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Michigan Senate passes fuel tax pause bills

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Speaking ahead of voting on the legislation, State Sen. Roger Victory (R-Hudsonville) said pausing the gas tax is necessary as prices soar.

“While state government is seeking historic budget surpluses, Michigan family budgets are being stretched thin,” Victory said.

Thursday’s vote comes after new revenue estimates suggested the state would end the year with a surplus.

The proposal is split into four bills that would enact tax suspensions from June 15 through September 15.

Victory’s bill, SB 1029, would temporarily set Michigan’s per-gallon motor fuel tax rate at zero cents. It would also set aside $300 million total for county road commissions, cities, and villages to account for projected lost revenue.

During discussions on the package, Senate Minority Leader Jim Ananich (D-Flint) voted in favor of the bills. Though, he acknowledged concerns about programs paid for by taxes on gas.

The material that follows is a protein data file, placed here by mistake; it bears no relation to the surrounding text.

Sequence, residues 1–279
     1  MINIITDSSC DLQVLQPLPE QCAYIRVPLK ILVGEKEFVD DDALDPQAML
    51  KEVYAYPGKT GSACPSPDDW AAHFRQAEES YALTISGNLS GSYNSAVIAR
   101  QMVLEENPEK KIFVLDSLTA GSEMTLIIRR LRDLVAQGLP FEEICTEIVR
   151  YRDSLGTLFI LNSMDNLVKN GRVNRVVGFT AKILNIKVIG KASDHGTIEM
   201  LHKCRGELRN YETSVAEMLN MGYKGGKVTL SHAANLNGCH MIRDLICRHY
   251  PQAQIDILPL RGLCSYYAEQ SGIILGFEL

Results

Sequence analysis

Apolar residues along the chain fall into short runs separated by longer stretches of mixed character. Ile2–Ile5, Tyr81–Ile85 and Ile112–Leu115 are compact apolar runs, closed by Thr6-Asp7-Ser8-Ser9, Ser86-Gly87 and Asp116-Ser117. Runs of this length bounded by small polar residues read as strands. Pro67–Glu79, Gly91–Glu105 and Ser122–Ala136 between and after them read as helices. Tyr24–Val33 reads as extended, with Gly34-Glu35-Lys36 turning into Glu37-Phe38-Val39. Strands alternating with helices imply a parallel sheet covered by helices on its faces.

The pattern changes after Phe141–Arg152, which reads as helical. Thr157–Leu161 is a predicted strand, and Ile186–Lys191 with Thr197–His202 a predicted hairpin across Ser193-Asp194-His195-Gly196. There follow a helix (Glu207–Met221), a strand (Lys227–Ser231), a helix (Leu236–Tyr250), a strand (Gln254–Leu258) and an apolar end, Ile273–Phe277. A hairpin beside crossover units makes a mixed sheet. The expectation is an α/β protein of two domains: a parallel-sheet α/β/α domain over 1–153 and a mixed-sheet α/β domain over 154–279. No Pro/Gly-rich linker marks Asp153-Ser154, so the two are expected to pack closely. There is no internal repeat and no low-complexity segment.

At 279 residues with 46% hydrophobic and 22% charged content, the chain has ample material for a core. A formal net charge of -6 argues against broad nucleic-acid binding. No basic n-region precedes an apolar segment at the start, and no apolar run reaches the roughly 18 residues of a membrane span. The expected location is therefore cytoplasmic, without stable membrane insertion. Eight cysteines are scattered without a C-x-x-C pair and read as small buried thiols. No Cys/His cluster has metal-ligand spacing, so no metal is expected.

“We pledge to work across the aisle and with the governor to make sure no program is financially harmed,” he said.

Meanwhile, the other three bills in the package would prevent sales and use tax collection on eligible fuels and qualified commercial vehicles.

State Sen. Tom Barrett (R-Charlotte) said charging the state’s 6% sales tax on fuel is having an outsized impact.

“As working-class families, middle class families, and small businesses are paying more in fuel, the government is actually getting richer by that action because the cost goes up and they recoup more as a percentage of that. That, to me, is something that we absolutely have to put a stop to,” Barrett said.

Earlier this year, Gov. Gretchen Whitmer vetoed legislation that would have suspended the state’s motor fuel tax. But she didn't shut the door on pausing other types of taxes on gas.

The package voted on Thursday received substantially more bipartisan support in the Senate than the previous attempt.

But Sen. Jeff Irwin (D-Ann Arbor) still had his doubts slashing gas taxes would help families struggling through inflation.

“There is nothing in this legislation that prevents oil companies, distributors, and gas stations from continuing to charge higher prices. They, just like has happened in other states, can and will pocket the difference,” Irwin said.

He pointed out residents who don’t drive also likely won’t see any benefit from the policy.

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Colin Jackson is the Capitol reporter for the Michigan Public Radio Network.
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